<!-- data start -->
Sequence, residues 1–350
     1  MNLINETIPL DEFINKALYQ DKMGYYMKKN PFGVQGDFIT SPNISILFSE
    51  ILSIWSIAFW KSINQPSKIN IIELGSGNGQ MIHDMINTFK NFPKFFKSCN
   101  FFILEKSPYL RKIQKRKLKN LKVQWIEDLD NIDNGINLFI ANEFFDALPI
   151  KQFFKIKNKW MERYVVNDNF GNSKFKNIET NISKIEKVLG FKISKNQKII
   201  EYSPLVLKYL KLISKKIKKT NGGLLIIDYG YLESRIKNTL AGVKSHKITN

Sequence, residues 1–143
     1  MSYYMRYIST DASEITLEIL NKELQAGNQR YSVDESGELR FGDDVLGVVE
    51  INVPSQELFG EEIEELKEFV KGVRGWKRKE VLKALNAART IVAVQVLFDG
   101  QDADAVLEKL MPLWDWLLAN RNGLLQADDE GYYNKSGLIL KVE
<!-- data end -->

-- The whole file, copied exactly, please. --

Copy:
Sequence, residues 1–350
     1  MNLINETIPL DEFINKALYQ DKMGYYMKKN PFGVQGDFIT SPNISILFSE
    51  ILSIWSIAFW KSINQPSKIN IIELGSGNGQ MIHDMINTFK NFPKFFKSCN
   101  FFILEKSPYL RKIQKRKLKN LKVQWIEDLD NIDNGINLFI ANEFFDALPI
   151  KQFFKIKNKW MERYVVNDNF GNSKFKNIET NISKIEKVLG FKISKNQKII
   201  EYSPLVLKYL KLISKKIKKT NGGLLIIDYG YLESRIKNTL AGVKSHKITN

Sequence, residues 1–143
     1  MSYYMRYIST DASEITLEIL NKELQAGNQR YSVDESGELR FGDDVLGVVE
    51  INVPSQELFG EEIEELKEFV KGVRGWKRKE VLKALNAART IVAVQVLFDG
   101  QDADAVLEKL MPLWDWLLAN RNGLLQADDE GYYNKSGLIL KVE